Pain can make it difficult to sleep, but does a lack of sleep also affect pain levels? A study conducted by researchers at the University of California, Berkeley, and published in the Journal of Neuroscience suggests it does. According to researchers, sleep deprivation causes changes in the brain that strengthen and prolong pain associated with illness or injury.
Results of this study may help explain the common cycle of sleep loss and chronic pain and could even shed light on the mechanisms of opioid addiction, as approximately two in three chronic pain patients also report recurring sleep disturbances.
For this study, researchers performed brain scans on 25 healthy adults while applying uncomfortable levels of heat to the study participants’ legs to identify areas of the brain that pick up on pain signals and activate natural pain relief measures. Then, the researchers determined how these areas of the brain are disrupted by inadequate sleep and discovered that sleep deprivation increases pain sensitivity and impedes the release of dopamine — a neurotransmitter involved in pain relief.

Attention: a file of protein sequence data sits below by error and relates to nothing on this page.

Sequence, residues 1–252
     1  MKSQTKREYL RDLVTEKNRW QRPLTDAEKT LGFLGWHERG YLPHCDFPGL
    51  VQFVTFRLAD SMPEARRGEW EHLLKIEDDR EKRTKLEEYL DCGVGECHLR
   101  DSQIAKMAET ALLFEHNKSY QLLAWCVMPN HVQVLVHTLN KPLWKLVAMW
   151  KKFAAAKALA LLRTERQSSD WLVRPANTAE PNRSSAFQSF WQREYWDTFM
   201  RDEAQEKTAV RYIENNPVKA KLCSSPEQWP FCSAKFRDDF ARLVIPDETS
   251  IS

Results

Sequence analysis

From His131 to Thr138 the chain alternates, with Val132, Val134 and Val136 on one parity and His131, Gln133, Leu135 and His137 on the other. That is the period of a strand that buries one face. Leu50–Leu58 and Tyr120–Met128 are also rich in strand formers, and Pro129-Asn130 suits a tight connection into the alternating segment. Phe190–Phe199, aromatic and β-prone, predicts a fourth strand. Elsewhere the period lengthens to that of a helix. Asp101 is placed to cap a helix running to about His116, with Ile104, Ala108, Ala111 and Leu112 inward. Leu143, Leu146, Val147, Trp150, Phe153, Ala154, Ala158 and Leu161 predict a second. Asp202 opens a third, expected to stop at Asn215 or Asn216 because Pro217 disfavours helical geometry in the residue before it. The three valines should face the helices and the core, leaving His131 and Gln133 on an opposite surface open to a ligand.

Next, the researchers surveyed more than 230 adults of all ages online, asking them to report their nightly hours of sleep and daily pain levels over the course of a few days. They discovered that even minor changes in sleep-wake patterns were associated with changes in pain sensitivity.
Sourced from: Journal of Neuroscience